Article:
After graduating from Brown University, Colson enlisted in the Marines and rose to the rank of captain. Following law school and a stint in the Pentagon, Colson worked on Capitol Hill as a top aide to Sen. Leverett Saltonstall, R-Mass.

After serving on Nixon’s 1968 election team, Colson was appointed by the newly elected president as special counsel to the president. During Nixon’s first term, he was known as Nixon’s feared but respected “hatchet man.”

Colson once bragged of a willingness to “walk over my grandmother if necessary to assure the President’s reelection,” and was roundly known within the Nixon administration as the “evil genius.”

”I was known as the toughest of the Nixon tough guys,” he said in 1995.

Nixon himself described Colson as one of his most loyal aides. “When I complained to Colson I felt confident that something would be done, and I was rarely disappointed,” the former president wrote in his memoirs.

Among other activities, Colson helped set up the “Plumbers” to plug news leaks. The Plumbers engaged in illegal wiretapping of Democratic headquarters at the Watergate apartment complex, triggering the scandal that took down the Nixon White House.

Colson was also involved in the creation of the Special Investigations Unit, whose members broke into the office of Dr. Lewis Fielding, the psychiatrist of Dr. Daniel Ellsberg, who had given copies of the Pentagon Papers, a secret account of U.S. involvement in Southeast Asia, to newspapers.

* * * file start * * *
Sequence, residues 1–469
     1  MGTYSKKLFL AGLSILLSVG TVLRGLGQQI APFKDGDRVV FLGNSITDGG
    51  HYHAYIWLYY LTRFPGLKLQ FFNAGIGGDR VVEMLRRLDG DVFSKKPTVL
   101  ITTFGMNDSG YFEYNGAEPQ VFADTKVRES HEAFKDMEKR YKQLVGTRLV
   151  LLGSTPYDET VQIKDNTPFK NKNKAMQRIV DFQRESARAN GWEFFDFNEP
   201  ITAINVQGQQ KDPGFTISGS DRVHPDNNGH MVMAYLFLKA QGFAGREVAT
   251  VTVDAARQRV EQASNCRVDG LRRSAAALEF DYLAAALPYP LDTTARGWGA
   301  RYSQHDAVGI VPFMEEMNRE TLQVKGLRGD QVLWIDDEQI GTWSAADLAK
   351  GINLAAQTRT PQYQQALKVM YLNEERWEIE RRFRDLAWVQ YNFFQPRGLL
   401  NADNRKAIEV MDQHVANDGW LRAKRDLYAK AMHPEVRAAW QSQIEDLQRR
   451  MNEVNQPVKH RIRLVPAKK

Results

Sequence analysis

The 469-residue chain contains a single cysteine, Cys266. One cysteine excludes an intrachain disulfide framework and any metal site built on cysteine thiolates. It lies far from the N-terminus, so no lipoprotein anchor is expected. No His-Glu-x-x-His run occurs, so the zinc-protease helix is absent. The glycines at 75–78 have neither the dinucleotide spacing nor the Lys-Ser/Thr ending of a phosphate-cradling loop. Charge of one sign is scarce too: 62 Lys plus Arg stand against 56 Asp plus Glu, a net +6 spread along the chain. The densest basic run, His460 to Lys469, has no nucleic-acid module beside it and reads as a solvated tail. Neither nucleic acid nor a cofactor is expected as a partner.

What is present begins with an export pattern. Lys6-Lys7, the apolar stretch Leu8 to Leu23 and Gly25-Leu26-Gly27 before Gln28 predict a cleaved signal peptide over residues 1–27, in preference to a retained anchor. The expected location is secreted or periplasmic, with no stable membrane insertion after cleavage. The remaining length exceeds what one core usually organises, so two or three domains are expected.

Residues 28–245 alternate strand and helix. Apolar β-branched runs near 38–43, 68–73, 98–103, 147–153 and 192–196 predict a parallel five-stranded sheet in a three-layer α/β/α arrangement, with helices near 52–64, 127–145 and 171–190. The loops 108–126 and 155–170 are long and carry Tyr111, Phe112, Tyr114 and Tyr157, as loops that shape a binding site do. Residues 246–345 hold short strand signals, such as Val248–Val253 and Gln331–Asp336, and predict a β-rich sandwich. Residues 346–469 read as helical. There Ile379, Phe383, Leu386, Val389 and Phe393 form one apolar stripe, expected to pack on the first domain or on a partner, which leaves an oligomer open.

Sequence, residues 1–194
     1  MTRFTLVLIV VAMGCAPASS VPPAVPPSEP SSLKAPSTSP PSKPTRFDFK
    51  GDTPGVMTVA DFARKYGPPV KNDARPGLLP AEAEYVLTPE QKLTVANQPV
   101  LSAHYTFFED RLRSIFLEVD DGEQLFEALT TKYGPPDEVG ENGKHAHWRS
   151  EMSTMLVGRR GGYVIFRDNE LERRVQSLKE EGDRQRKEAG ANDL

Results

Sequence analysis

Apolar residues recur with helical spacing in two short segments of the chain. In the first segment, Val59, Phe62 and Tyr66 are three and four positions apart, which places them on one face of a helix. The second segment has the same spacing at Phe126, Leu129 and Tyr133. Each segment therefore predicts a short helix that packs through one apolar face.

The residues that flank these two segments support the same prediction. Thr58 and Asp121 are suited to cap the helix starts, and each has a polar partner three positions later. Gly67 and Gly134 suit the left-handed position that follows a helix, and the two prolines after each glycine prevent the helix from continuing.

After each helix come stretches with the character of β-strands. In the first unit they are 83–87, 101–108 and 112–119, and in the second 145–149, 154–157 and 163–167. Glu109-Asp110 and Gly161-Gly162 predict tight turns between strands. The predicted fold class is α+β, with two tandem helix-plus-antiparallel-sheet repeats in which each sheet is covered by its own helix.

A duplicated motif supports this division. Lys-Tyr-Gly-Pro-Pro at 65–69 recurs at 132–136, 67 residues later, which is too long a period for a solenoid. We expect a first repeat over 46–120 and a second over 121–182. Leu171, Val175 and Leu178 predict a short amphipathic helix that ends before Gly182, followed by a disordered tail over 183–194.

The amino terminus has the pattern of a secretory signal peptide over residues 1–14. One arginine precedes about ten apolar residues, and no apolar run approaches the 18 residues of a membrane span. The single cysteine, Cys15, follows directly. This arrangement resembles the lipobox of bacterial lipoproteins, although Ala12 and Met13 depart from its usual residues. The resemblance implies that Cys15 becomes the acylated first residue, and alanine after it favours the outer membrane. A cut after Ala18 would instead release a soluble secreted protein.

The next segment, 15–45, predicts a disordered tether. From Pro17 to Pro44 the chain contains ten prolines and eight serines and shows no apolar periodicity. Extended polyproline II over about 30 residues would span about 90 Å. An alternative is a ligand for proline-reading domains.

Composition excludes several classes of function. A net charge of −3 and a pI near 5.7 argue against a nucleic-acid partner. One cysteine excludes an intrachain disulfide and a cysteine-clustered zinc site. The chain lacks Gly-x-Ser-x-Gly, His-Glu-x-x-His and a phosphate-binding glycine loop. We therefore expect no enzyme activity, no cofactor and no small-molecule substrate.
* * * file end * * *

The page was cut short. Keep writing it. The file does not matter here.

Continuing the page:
Nixon aides justified the break-in on the grounds of national security, but

Colson later admitted that the agents were trying to dig up damaging information about Ellsberg before his espionage trial.

As the Watergate scandal mushroomed, Colson pleaded guilty to obstruction of justice in 1974, and the felony led him to serve seven months of a one- to three-year sentence at Alabama’s Maxwell Prison as Prisoner 23226.

Colson later said he became a Christian before going to jail, and his time behind bars cemented his faith.

”There was more than a little skepticism in Washington, D.C., when I announced that I had become a Christian,” he said in 1995. “But I wasn’t bitter. I knew my task wasn’t to convince my former political cronies of my sincerity.”

In addition to his work with Prison Fellowship, Colson authored more than 30 books that sold more than 5 million copies, including his seminal 1976 autobiography, “Born Again.”

Colson became an evangelist for better prison conditions and championed what he called “restorative justice,” in which nonviolent criminals should stay out of jail, remain in the community where they committed their crime, and work to support their families and pay restitution to the victim.

Colson also forcefully advocated President Clinton’s impeachment and removal from office in 1998 over what he called perjury and obstruction of justice stemming from the Monica Lewinsky affair.

VIEWPOINTS: What’s more important to your faith – believing, behaving or belonging?